Over the past month, $1.6 billion Fidelity Trend Fund (FTRNX) has made some big moves — both up and down, but mostly up.
The mutual fund has outperformed the S&P 500 4% to 1% in the past month, even after this week’s stock market hiccup when President Trump’s administration came under renewed attack. The past month’s outperformance has padded the growth fund’s year-to-date lead to nearly 12% vs. 7%. The fund tops 55% of its large-cap growth peers tracked by Morningstar Inc.
XAutoplay: On | Off What’s changed in the holdings watched over by Fidelity Trend fund manager Dan Kelly? Not much. Kelley did not change his stripes. But the market rotated toward his type of holdings over the past month. Here’s what happened:
In the initial postelection euphoria on Wall Street, growth-oriented names were in favor, he says. But as the first quarter morphed into Q2, investors began to worry that policy promises might not translate into government action as quickly as once expected. That gloom yielded to optimism in the past month as corporate earnings showed that businesses were doing all right after all. Investors began to pile back into growth stocks — beaten-down growth stocks, which Kelley says he largely never left.
“If I think a stock is cheap on earnings potential two, three years out, I will own it, whereas other growth managers won’t,” Kelley said.
Trend Fund’s upturn — as well as the broad stock market’s as measured by the S&P 500 — was interrupted by the Trump dump on Wednesday, sparked by investors’ jitters over the quicksand that seems to be swallowing President Trump’s agenda of tax cuts, deregulation and infrastructure spending.
The Trump dump hasn’t moved Kelley to change strategy. “I remain focused on finding individual companies that I believe can grow earnings faster or for longer than the market expects,” he said.
Kelley invests in three kinds of growth stocks, which he calls quality, secular and opportunities.
Quality-growth stocks are the core of his portfolio, Kelley says. Alphabet (GOOGL) and Amgen (AMGN) are examples, he says. “Quality stocks have proven management teams, stable earnings growth, high returns on invested capital and strong balance sheets,” he added.
Optionality — or a catalyst for additional growth that many investors don’t see yet — is one of the key things he looks for in any type of growth stock. In Alphabet, it is the company’s work on artificial intelligence and toward driverless cars. In Amgen it is their pipeline of drugs “that I do not believe I am paying much for at today’s stock price,” he said.
In his secular growth bucket, he looks for “companies with high organic growth rates that are sustainable for years,” he said. Facebook (FB) is one. So is Tesla (TSLA), which also has that optionality that Kelley looks for in many stocks.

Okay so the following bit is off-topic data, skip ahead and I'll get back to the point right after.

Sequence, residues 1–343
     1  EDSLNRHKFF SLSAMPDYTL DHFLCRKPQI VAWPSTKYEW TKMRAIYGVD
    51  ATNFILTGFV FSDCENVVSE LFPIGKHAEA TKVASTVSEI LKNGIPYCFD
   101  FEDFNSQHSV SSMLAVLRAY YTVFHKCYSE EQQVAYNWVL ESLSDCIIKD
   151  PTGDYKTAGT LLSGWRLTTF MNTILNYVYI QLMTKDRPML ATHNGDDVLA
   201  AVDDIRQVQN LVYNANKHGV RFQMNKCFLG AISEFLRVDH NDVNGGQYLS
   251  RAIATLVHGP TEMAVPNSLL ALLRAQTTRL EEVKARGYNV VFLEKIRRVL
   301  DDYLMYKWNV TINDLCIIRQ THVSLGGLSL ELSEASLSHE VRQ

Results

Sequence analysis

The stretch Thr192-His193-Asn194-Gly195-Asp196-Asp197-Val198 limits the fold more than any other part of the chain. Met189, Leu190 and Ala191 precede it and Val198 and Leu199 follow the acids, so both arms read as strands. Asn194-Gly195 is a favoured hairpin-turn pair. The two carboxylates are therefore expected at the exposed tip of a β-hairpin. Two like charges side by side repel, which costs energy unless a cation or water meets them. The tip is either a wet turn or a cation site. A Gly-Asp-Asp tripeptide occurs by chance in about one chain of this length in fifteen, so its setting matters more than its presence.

Many investors are so focused on Tesla’s short-term ability to sell electric cars that they overlook Tesla’s longer-term picture, Kelley says. And in the longer term, Kelley sees Tesla selling mass-market as well as upmarket cars — even if the mass-market Model 3 debuts slightly behind schedule. “That’s optionality, like Tesla’s ability to do power storage, given their battery technology,” Kelley said. “They have several avenues for further revenue and earnings.”
In fact, when short-term jitters prompt many other investors to sell off a stock that Kelley likes, he often uses that as a buying opportunity. “Embracing volatility can be rewarding,” he said.
IBD’S TAKE: Tesla ranks No. 3 in IBD’s Auto Manufacturers industry group. Sales jumped 135% last quarter. Its industry group ranks third among 197. See how its additional, easy-to-understand fundamental and technical data stack up against rivals’ data at IBD’s Stock Checkup.
Amazon (AMZN) benefits from the secular trend of retail sales shifting online and the migration of IT spending to the cloud, Kelley says. “Given Amazon’s scale and household penetration, I think Voice (which powers Amazon’s Alexa, a voice-controlled personal assistant) and artificial intelligence could be an area of additional revenue optionality,” Kelley said.
Stocks like Bank of America (BAC) that are expected to benefit from Trump policies fall into the opportunities bucket. “Those are companies with cheap valuations and an early fundamental inflection point, and a high probability of being re-rated (given a new price value by the market),” Kelly said. Bank of America stands to benefit from rising interest rates and a warming U.S. economy.
Apple (AAPL) is another quality growth stock. Kelley is not concerned that Apple’s spending to develop autonomous-driving vehicles will stress the company’s balance sheet. Remember, he says, that Apple has $200 billion in cash.
Kelley says Apple’s product cycle has evolved. “Every other (Apple) product cycle is less revolutionary,” he said. “We’re heading into the revolutionary product cycle. It should be this fall. Maybe people will get excited about it.”
Apple is launching the next version of iPhone in the fall. “I expect a combination of strong replacement demand as well as demand from new users due to further innovation on the phone,” he said.
Meanwhile, Apple’s services, which include the App Store, iTunes, AppleCare, Apple Music and Apple Pay, provide steady, recurring revenues.
As IBD’s Patrick Seitz recently reported, Apple plans to double its services business over the next four years, reaching $48 billion to $50 billion in sales in fiscal 2020. Apple’s services generated $25.5 billion in revenue in the 12 months through mid-March.